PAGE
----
CLA is a natural fatty acid found in meat and dairy products. Regarded as a ‘good’ type of fat, we can’t make CLA ourselves and because of changes in farming methods and our reduced consumption of milk and high fat foods, we now consume only a fifth of the amount eaten by our Stone Age ancestors2.
Supplements containing CLA are derived from safflower oil, making it suitable for vegetarians.
What does CLA do?
CLA is an omega 6 polyunsaturated essential fatty acid, which is formed from linoleic acid. It’s a natural antioxidant, which helps to protect cells from damage from the action of free radicals in the body. These have been implicated in heart disease and other age-related illnesses.4
CLA is laid down in cell membranes where it helps to regulate cell metabolism. As well as changing the way body fat is processed, it modifies immune responses to reduce inflammation.
CLA increases the breakdown of fat and it is released from your fat cells. These fatty acids are then burned off as a fuel by your muscle cells. CLA therefore helps to build muscle rather than fat. CLA also reduces the size of fat cells and some researchers refer to it as the ‘missing link’ in weight-loss management.
Why ours is different
We exclusively use Clarinol® CLA who have over 15 years of experience, allowing us to bring you one of the best products on the market. Their unique patented production process results in a purer, more premium source of CLA.
Obesity is a common problem in the UK, and it is estimated one in every four adults and around one in every five children aged 10 to 11 is overweight.5
One study looked at the effects of a three-week low-calorie diet with and without CLA supplementation on body composition. Researchers found that those who took a combination of CLA, a thermogenic, protein, a multi-vitamin and followed a three-week low-calorie diet, had greater weight and fat loss than in those who just dieted. 6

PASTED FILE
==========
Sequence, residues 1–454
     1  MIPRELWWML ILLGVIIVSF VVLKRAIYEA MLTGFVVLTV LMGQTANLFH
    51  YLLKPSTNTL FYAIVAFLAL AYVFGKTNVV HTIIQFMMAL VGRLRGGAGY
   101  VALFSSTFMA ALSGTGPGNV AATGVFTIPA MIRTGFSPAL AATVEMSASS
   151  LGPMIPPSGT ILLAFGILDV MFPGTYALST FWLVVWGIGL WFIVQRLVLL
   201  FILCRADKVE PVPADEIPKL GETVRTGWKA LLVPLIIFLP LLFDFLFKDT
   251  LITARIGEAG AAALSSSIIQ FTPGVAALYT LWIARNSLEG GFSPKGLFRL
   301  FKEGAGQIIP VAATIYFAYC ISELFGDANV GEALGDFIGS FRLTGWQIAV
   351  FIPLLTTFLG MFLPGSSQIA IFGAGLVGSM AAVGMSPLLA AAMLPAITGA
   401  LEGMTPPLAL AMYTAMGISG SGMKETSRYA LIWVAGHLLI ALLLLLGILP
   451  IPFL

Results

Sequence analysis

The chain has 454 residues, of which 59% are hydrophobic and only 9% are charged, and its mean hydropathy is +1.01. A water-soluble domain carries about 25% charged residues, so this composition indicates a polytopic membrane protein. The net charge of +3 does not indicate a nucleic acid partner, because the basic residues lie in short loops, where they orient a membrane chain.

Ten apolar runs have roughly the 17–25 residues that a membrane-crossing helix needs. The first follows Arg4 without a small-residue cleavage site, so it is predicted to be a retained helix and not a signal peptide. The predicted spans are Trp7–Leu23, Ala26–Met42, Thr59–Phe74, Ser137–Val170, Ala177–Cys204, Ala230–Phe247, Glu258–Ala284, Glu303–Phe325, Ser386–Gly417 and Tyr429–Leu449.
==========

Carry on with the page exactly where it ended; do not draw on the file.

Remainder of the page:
Another 12-week study by the University of Medical Sciences Poland, found patients who took a CLA supplement over a 12-week period significantly reduced their hip circumferences compared to those who took a placebo pill (sunflower oil). However, there was no effect on body weight. The results led researchers to suggest that CLA may work well as a dietary supplement.7.
Other scientists have said the benefits of CLA in aiding weight loss have not been proven yet though.8
Non-alcoholic fatty liver disease
Non-alcoholic fatty liver disease (NAFLD) is the term for a range of conditions caused by a build-up of fat in the liver. It's estimated one in three people have NAFLD to some degree. It's usually seen in people who are overweight.9
A recent study in 2016, by the Tabriz University of Medical Sciences, found CLA improved insulin resistance, lipid disturbances, oxidative stress and liver function in NAFLD. Researchers concluded CLA could be considered as an effective complementary treatment in NAFLD. 10
Getting enough CLA from your diet
CLA dietary sources include beef, milk, butter and other dairy sources. Small amounts can also be found in lamb, chicken and pork. The amount of CLA in these foods varies depending on what the animal ate; CLA is much higher in beef and dairy from grass-fed cows compared to feeding them grains.11
As an alternative take a supplement. This can boost your dietary intake and is suitable for vegetarians as CLA is derived from the seeds and leaves of a safflower.
CLA is considered safe to use for most people. Avoid taking if you are pregnant or breastfeeding as its effects are still unknown.12
The correct dosage
There is currently no UK or EU recommended daily allowance or upper safe limit. The average diet supplies around 100 to 300mg CLA daily. A typical dose is 1,000mg twice a day.13
It is recommended that CLA should be taken for the recommended period of three months whilst also exercising and eating a well-balanced diet.
Nothing beats a healthy, balanced diet to provide all the nutrients we need. But when this isn’t possible supplements can help. This article isn’t intended to replace medical advice. Please consult your healthcare professional before trying supplements or herbal medicines.
Nothing beats a healthy, balanced diet to provide all the nutrients we need. But when this isn't possible, supplements can help. This article isn't intended to replace medical advice. Please consult your healthcare professional before trying supplements or herbal medicines.